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As Indians Vote, a Golden Boy is Pushed Into the Spotlight

In a staggered series of local votes, Uttar Pradesh is going to the polls. Early reports from the Times of India suggest perhaps 120 million people participated in the first phase of the regional elections here in India’s most populous state, the highest participation rate in UP since India’s independence.

UP’s regional elections will reverberate across the nation. The Congress Party, which rules the national government in Delhi, has not participated in UP’s state government for 22 years. In 2009, during general elections, it won a fairly impressive 18 percent of the vote in UP, a feat it hopes to repeat this year. A similar result in these elections would significantly bolster Congress’s legislative power in Delhi. Largely as a result of its weakness in UP, the Congress Party is forced to run the national government as part of a coalition instead of outright.

Congress’s most active campaigner in UP has been 41-year-old Rahul Gandhi, son of the redoubtable Sonia Gandhi and heir to both India’s most beloved family dynasty and the Congress Party. Charismatic, energetic, more comfortable with poor and rural Indians than suave politicians, Mr. Gandhi, whose father and grandmother were both assassinated while serving as prime minister, is not talking much about his ambitions in national politics. He turned down an offer of a cabinet post from the prime minister, Manmoahan Singh, two years ago. Speaking in third person, Mr. Gandhi recently announced to the press “Rahul Gandhi’s obsession is not to be PM. Rahul Gandhi’s obsession is to work for the people.” Yet there have been more than a few calls for the young Mr. Gandhi to take a high-profile job in the national government, perhaps even the prime ministership.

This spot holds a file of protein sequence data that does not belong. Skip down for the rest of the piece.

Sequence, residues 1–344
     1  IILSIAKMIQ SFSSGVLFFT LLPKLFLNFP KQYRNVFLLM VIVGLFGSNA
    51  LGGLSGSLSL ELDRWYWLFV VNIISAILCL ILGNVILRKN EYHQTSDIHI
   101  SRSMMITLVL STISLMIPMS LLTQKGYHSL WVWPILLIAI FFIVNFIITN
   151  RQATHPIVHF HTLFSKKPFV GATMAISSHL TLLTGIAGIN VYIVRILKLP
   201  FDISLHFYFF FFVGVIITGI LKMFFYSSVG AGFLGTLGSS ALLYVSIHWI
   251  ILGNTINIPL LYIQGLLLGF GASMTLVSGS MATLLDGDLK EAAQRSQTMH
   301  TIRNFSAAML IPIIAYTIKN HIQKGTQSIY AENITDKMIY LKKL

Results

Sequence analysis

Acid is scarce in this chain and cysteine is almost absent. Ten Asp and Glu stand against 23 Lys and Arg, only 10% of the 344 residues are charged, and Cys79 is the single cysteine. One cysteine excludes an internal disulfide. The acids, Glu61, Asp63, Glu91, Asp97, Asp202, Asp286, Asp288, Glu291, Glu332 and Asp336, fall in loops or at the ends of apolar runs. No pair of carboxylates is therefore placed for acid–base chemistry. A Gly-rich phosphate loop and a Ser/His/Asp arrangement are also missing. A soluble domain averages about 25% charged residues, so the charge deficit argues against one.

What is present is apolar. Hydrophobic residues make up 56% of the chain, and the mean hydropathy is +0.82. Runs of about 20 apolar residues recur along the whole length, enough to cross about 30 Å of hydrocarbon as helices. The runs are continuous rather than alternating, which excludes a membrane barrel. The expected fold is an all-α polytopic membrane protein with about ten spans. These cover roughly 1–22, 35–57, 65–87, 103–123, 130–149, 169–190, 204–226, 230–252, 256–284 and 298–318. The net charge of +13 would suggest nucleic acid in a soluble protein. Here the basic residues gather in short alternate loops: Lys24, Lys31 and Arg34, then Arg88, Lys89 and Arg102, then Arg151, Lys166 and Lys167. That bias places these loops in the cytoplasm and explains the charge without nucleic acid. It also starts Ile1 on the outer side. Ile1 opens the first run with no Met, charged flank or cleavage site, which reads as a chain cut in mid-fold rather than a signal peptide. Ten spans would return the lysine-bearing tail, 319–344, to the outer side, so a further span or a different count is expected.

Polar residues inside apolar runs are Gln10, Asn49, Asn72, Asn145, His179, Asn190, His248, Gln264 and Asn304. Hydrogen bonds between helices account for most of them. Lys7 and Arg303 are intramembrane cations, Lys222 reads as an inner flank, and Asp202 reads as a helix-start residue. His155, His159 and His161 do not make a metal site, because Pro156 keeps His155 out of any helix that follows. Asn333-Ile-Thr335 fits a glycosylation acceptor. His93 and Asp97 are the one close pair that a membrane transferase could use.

Many, not least himself, consider Mr. Gandhi to be unprepared for a top job. In a recent nationwide poll, 17 percent of respondents supported Mr. Gandhi to be the next prime minister, compared with 24 percent for Narendra Modi, a hardline Hindu nationalist.

Yet there is no doubting his popularity, nor the push to bring Mr. Gandhi into the spotlight. His recent rallies on the campaign trail in UP, sometimes four or five a day, have hosted tens of thousands of supporters. In November, Congress’s general secretary, Digvijay Singh, called Mr. Gandhi a “national leader,” saying now is the time for him to take on bigger tasks. With his mother, the president of the Congress Party, quite sick, and the average age of the five most important ministers in the party near 74 years, party leaders are looking expectantly at Mr. Gandhi. The desire to build a legend around the young and unprepossessing Mr. Gandhi is strong. Much rides on the state elections in UP. When votes are counted on March 6, if Mr. Gandhi performs strongly, the push for him to take on the prime ministership will only increase.

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  • Jim.

    History isn’t done with hereditary power, it seems.

    Poor Mr. Fukuyama.

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